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Manitoba RCMP investigating Steinbach-area church after alleged public health violation

Click to play video 'Steinbach area minister slapped with nearly $2,600 in COVID-19-related health fines' Steinbach area minister slapped with nearly $2,600 in COVID-19-related health fines
After openly defying public health orders meant to curb the spread of COVID-19 on two occasions, a rural Manitoba minister was handed a pair of fines Monday night. Global's Brittany Greenslade has the story – Nov 24, 2020

Manitoba RCMP is investigating a Steinbach-area church after reports that a service was taking place Sunday morning — which is a violation of public health rules under the province’s new, stricter COVID-19 guidelines.

Police said they were called to Church of God in the RM of Hanover just after 8:30 a.m. Sunday, and while they spoke with an individual on site, no fines were immediately issued.

RCMP say there were “well over” 100 people inside the church and they said officers had to balance police and public safety when determining a response.

They are, however, continuing to investigate.

Read more: ‘This is not the heart of Steinbach’: Mayor rails against out-of-town anti-mask rally organizers

In a statement, Church of God Pastor Heinrich Hildebrandt questioned if this is an attack on faith.

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“There must be an allowable expression of faith that is deemed essential while we are allowing the sale of products at establishments that exist solely for the sale of alcohol, coffee, donuts, cannabis, and fast food.”

“We are guaranteed the right to religious freedom and peaceful assembly in the Canadian Constitution, subject only to such reasonable limits prescribed by law as can be demonstrably justified in a free and democratic society,” the statement added.

But constitutional lawyer Corey Shefman said he wouldn’t want to be the church if this were to go to court.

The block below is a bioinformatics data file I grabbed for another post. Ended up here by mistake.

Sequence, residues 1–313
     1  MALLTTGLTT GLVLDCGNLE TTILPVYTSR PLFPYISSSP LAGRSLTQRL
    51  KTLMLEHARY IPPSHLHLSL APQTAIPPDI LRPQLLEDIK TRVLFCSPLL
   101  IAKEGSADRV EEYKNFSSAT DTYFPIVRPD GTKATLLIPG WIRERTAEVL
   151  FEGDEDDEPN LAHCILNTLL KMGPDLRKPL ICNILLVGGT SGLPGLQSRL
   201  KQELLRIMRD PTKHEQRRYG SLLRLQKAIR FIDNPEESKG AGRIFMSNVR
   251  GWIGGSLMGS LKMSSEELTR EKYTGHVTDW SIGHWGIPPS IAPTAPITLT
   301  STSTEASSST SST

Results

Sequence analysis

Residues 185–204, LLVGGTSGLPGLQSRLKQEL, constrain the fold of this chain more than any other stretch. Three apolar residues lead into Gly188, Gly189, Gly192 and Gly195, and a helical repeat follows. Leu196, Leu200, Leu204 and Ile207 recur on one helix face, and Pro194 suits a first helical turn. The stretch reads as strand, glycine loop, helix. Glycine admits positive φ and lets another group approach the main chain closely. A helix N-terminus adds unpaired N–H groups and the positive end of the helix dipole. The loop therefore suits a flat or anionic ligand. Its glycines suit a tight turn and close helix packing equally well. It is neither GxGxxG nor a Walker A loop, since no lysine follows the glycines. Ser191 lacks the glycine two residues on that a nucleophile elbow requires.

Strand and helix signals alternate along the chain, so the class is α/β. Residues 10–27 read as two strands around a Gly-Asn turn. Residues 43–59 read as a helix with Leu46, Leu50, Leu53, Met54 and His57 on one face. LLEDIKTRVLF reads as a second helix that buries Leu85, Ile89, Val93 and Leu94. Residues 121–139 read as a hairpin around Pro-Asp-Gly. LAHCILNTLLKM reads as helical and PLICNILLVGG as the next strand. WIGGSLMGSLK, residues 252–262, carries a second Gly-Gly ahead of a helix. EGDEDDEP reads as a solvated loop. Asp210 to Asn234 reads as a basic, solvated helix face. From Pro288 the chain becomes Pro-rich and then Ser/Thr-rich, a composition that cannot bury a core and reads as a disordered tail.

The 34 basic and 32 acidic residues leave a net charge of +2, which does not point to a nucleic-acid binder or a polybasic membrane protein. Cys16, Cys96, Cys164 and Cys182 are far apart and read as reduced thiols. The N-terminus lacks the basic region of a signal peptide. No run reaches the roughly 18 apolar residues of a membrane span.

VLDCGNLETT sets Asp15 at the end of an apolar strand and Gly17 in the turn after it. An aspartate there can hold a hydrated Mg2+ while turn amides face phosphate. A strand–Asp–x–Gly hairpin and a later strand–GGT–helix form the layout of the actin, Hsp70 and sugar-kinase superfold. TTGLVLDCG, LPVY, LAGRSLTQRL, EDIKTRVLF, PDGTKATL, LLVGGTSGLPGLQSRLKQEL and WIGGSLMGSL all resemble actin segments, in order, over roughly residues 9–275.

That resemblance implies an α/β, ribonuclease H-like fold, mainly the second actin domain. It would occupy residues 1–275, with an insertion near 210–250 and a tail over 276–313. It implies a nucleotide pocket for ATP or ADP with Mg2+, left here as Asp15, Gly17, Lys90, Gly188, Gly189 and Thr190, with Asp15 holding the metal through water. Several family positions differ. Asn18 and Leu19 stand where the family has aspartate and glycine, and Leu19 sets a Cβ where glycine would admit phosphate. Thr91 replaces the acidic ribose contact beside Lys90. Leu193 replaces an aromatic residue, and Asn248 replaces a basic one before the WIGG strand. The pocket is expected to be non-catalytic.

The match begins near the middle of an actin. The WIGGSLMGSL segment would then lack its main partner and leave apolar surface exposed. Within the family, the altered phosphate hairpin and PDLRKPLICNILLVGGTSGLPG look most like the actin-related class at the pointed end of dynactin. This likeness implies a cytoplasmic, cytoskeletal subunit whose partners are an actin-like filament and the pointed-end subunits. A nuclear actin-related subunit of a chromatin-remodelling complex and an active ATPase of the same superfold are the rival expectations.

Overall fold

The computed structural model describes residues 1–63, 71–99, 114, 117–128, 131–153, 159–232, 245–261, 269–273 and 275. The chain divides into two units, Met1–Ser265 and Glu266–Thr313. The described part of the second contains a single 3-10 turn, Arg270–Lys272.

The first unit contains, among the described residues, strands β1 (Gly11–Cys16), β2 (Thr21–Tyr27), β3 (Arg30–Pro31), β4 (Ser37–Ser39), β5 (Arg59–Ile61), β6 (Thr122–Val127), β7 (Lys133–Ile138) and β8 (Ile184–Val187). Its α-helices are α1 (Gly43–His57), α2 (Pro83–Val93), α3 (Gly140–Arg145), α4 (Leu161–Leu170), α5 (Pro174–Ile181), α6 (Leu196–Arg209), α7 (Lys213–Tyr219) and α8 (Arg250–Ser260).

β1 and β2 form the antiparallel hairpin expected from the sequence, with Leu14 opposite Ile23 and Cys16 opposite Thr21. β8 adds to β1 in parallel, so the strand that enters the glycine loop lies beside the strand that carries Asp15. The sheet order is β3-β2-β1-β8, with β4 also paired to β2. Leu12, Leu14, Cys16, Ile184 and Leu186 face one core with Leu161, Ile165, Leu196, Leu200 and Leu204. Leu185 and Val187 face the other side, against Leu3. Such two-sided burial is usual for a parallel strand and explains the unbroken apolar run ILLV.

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“If the government can justify that a limitation on worshipping in person is justified in a free and democratic society for example, because it’s going to save lives, then that is a reasonable limit on your rights,” Shefman said.  “It’s about reasonable limits and where that is, well, it may be tested in court.”

The incident comes just one day after a group of nearly two dozen area pastors signed an open letter urging their congregations to abide by public health orders.

The Steinbach area has been a hotspot for pandemic-related controversy in recent weeks. A rally that saw hundreds of mask-free people protesting the province’s restrictions drew the ire of a wide range of officials — including Steinbach mayor Earl Funk and Manitoba premier Brian Pallister — the previous weekend.

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At Monday’s COVID-19 press conference — where the province announced a record-setting 546 new cases — chief public health officer Dr. Brent Roussin weighed in on the controversy.

Read more: Coronavirus: Steinbach churches call on Christians to abide by public health orders

 

Roussin said he heard reports of a number of faith-based organizations still holding in-person services over the weekend, and pleaded with those taking part to stop.

“It should be quite clear, these orders are not here to restrict your right to worship, these orders are here to save lives,” he said.

“When we have a test positivity of 14 per cent, we see in some areas of up to 40 per cent, we can’t have in-person gatherings.

“We need to reduce these numbers and large, in-person gatherings put people there at risk, they put the community at large at risk, they put our health-care workers at risk.”

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Hanover School Division moves to remote learning – Nov 20, 2020
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